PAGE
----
Tuesday, February 23, 2021 (HealthDay News) – Researchers have identified more than 140,000 viruses living in the human gut, half of which were previously unknown.
The number and variety of viruses found in more than 28,000 gut microbiome samples collected from different regions of the world are surprisingly high, according to the study authors.
The researchers added that their findings would lead to new research to study how intestinal viruses affect our health.
In the age of COVID, “it is important to remember that not all viruses are harmful, but are an integral part of the gut ecosystem. First, most viruses we find have DNA as their genetic material, unlike what pathogens most people are familiar with, such as SARS-CoV-2 or Zika. RNA, “explained researcher Alexander Almeida. He is a postdoctoral fellow at the Welcom Sanger Institute and the European Institute of Bioinformatics at EMBL.
“Second, these specimens came mostly from healthy people who did not share specific diseases. It is fascinating to see how many unknown species live in our gut, and to try to unravel them for human health,” Almeida said in the Wellcome news release.
There is great biodiversity in the human gut. Along with bacteria, it contains hundreds of thousands of viruses called bacteriophages, which can infect bacteria.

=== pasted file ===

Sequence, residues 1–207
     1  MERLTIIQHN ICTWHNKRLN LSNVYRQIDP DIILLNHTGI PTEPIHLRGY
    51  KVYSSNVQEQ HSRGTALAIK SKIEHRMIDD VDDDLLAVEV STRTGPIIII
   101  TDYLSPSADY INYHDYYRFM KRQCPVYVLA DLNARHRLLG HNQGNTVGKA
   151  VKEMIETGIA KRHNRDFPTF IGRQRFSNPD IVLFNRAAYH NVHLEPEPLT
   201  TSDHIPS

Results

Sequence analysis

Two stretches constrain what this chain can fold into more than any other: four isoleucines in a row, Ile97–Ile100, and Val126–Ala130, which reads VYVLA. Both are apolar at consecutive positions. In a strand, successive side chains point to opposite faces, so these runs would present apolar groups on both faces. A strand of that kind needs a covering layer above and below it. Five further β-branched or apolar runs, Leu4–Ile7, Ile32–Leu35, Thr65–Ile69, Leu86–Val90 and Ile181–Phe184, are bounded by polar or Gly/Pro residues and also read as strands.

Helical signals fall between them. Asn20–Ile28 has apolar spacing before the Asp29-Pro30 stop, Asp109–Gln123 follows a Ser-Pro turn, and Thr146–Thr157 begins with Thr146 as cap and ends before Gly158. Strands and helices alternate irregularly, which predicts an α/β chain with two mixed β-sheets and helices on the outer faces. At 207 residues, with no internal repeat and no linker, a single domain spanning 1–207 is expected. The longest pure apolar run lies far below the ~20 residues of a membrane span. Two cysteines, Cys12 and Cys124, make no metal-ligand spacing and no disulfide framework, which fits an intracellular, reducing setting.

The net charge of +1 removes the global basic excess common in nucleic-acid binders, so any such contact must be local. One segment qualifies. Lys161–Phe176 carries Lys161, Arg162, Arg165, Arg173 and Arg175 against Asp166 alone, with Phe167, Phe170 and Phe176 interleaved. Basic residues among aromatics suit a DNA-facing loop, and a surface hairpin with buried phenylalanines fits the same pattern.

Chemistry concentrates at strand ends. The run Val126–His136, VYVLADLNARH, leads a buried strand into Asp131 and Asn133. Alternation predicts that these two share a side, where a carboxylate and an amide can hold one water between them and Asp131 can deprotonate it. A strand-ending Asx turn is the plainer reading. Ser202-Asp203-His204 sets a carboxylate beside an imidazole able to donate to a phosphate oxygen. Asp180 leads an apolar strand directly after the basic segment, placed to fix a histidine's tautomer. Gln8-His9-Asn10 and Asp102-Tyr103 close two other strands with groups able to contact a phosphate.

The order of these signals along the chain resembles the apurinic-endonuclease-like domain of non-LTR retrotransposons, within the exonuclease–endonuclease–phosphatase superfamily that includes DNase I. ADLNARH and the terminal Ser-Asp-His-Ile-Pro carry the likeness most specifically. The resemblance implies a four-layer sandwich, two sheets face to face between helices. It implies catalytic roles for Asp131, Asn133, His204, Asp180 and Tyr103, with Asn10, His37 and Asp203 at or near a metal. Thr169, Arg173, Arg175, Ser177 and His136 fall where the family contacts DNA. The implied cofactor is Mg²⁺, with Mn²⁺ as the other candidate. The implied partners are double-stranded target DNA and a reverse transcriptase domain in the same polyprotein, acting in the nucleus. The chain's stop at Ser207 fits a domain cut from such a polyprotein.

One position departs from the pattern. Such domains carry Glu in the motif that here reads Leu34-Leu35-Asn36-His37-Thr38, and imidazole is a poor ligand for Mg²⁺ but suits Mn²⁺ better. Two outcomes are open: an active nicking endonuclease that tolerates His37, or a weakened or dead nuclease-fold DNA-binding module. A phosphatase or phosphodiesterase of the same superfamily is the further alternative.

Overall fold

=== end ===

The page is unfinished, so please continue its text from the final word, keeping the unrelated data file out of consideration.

An imbalance in your gut microbiome can contribute to diseases and conditions, such as inflammatory bowel disease, allergies and obesity. However, much remains to be learned about how gut bacteria and the bacteriophages that infect them affect your health.
According to research by senior author Trevor Lauli, also of the Wellcome Singer Institute, “Bacteriophage research is currently experiencing a renaissance. This high-quality and comprehensive catalog of human intestinal viruses comes at the right time to serve as an outline plan for ecological guidance and evolutionary analysis in future virom research.”
Among the tens of thousands of viruses discovered by the researchers was a very common new parade (a group of viruses believed to have a common ancestor), which the authors call Gubaphage. This is the second most common virus substrate in the human gut, after CrAssphage, which was discovered in 2014.
The two amphibians appear to infect similar types of human gut bacteria, but further research is needed to locate the exact functions of the recently discovered gobafage, the study authors said.
Harvard Public Health School has more stuff on the microbiome.
SOURCE: Welcome Singer Institute, News Release, February 18, 2021